As the baby boomer generation slouches toward retirement age, advisors who serve them are in an increasingly precarious position.

One problem is that the boomer clients are in the process of shifting from asset-accumulation to asset-withdrawal mode. Fortunately, this is likely to be a gradual migration, affording advisors time to woo “accumulator” clients to offset the boomers' drawdown.

However, a second looming issue gives advisors much less time to react: aging clients without long-term care (LTC) insurance. If such a client were to have an unexpected health care issue that required extended medical care — a stroke or a car accident, for instance — the assets that the advisor and client spent years accumulating could disappear in a flash.

No Cry of Wolf

If this sounds alarmist, take a quick poll of your clients who are between ages 50 and 70, in good health and the owners of $250,000 or more in assets. Ask them how they will pay for future LTC needs. Odds are almost all will respond, “Medicare pays for that!”

How wrong they are. In fact, less than 5 percent of the cost of nursing-home stays is covered by Medicare, and it covers even less of the cost of assisted living or home health care services. The criteria for Medicare-paid LTC are rigid, and needing assistance with the activities of daily living does not qualify. Your clients must need medically provided, skilled care. They also must have been hospitalized for the condition for at least 72 hours immediately before going into a nursing home.

According to David Duffrin of Northern States Brokerage, there are about 53 million current retirees, and 80 million baby boomers will join their ranks in the next 10 or so years. That translates into over 120 million who are prime candidates for LTC over the next 20 years. Statistics from medicaidlawyers.com indicate that 70 percent of Americans will eventually spend some time in a nursing home or similar facility. The MetLife Market Survey (2004) shows an average stay of 2.4 years. That means a lot of accumulated assets will be spent on LTC, and that does not include costs of home care, assisted living or other LTC options. In addition, if an advisor has managed a client's investments well, that might actually work against the client who would want to qualify for LTC under Medicaid.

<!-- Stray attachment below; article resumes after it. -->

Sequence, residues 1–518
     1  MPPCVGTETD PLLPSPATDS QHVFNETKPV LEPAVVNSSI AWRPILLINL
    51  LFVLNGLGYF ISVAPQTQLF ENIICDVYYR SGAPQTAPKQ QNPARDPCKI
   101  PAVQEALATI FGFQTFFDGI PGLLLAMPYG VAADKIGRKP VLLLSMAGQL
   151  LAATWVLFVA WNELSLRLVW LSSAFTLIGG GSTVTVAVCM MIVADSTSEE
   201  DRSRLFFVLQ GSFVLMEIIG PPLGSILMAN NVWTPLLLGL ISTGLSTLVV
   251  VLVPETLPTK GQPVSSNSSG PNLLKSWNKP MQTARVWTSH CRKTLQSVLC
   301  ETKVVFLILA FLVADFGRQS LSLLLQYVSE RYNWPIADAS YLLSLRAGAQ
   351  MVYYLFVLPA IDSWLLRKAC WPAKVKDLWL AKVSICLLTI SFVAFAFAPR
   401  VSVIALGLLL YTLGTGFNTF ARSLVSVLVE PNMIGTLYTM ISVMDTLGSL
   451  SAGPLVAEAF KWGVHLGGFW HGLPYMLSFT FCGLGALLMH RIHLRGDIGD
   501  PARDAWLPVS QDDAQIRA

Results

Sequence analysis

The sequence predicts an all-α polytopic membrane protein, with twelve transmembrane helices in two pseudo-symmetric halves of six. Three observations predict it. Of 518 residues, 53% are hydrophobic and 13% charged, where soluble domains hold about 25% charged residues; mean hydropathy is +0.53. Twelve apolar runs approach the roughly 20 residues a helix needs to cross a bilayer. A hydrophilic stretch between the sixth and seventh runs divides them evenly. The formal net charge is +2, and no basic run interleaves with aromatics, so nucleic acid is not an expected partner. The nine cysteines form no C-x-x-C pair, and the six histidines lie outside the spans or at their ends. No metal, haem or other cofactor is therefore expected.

That leaves two ways to pay for future LTC needs: out-of-pocket — something that very few can afford — or LTC insurance.

Selling LTC Insurance

According to Duffrin, the top reasons clients buy LTC insurance are:

  • To preserve their independence and freedom by being able to stay at home or choose their care facility.
  • To keep the burden of their care off of family members.
  • Because they've had the experience of putting a loved one into a care facility.
  • To preserve a spouse's standard of living.

However, the top reasons for reps to discuss LTC insurance are very different from the reasons that motivate clients to buy:

  • To preserve and protect assets.
  • As an integral part of estate planning.
  • To ensure assets can be left to heirs.